We went to lobby members of congress to (1) permanently authorize the Land and Water Conservation Fund and to (2) get dedicated permanent funding for it, on parity with other such federal projects, such as funding for the backlog of maintenance for the national parks.  

We found support both from Republican Senator Steve Daines and from Democrat Senator Tester.  Well, we didn’t actually speak with the senators, who were in session at the Capitol.  We spoke with their various staff members.  Turns out most of the senators and representatives support veterans and support the LWCF because there is hardly a county in the US that hasn’t received funds for improving battlefields and local park infrastructure, to provide access to islands of public lands surrounded by private.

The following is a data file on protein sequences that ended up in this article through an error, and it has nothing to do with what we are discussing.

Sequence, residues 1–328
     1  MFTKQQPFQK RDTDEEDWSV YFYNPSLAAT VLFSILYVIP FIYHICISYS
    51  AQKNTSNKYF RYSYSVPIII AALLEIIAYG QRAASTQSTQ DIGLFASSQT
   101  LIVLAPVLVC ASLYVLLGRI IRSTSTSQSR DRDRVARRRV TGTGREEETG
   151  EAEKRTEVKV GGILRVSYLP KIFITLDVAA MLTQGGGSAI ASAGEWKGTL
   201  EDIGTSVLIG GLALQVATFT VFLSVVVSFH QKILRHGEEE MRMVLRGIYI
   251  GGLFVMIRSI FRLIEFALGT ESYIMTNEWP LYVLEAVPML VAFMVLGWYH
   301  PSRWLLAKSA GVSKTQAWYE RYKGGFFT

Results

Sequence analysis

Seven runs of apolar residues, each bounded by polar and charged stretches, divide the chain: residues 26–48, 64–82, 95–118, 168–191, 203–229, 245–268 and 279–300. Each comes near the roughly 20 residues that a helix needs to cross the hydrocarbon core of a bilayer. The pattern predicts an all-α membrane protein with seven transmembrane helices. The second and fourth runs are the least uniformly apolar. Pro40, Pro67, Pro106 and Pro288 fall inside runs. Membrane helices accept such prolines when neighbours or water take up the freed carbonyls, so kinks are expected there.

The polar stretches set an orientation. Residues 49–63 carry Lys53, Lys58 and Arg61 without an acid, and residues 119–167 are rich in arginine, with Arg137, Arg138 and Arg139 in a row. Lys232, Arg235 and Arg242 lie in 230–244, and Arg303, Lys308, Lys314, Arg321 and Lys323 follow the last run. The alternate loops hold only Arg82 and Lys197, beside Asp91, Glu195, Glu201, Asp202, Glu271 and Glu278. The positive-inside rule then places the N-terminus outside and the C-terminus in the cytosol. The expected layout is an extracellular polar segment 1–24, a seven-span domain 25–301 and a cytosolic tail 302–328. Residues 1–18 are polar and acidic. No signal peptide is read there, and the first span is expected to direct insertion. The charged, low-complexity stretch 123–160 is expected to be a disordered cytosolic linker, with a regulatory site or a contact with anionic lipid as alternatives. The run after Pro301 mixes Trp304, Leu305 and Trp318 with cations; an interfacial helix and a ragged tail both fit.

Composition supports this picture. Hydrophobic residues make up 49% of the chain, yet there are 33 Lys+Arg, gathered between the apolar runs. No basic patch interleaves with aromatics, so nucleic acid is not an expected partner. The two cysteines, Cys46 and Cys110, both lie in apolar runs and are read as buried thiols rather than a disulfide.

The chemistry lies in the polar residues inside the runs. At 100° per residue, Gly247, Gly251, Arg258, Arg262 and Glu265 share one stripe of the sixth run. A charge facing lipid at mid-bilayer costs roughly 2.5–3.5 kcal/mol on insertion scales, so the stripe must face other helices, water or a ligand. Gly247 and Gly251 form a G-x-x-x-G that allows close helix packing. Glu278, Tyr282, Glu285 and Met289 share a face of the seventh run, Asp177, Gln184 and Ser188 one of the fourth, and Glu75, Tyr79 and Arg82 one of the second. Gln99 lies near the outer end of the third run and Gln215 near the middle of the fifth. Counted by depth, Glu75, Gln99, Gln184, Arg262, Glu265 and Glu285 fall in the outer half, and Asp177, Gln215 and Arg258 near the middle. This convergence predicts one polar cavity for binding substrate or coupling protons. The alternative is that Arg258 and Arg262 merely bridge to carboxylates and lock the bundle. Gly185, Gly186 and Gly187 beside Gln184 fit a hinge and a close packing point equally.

Like I said, before I spoke to Garett I had never heard of the Land and Water Conservation Fund.  Turns out it had been funded for more than 50 years by offshore oil and gas royalties.  Recently the LWCF has lapsed.  

Our mission was to lobby senators and representatives to reinstate LWCF permanently through authorization and dedicated funding, preferably during the congressional lame-duck session.  A staffer in House Leader Nancy Pelosi’s office assured us the LWCF was one of the four top priorities for public land legislation.

One of us reminded a congressional staffer that our military veterans had unselfishly sacrificed themselves for the United States of America and many were passionate about outdoor issues, especially preserving access to public lands—lands which accessibility had been paid for by the Land and Water Conservation Fund.  The American people owe a debt to veterans, he said.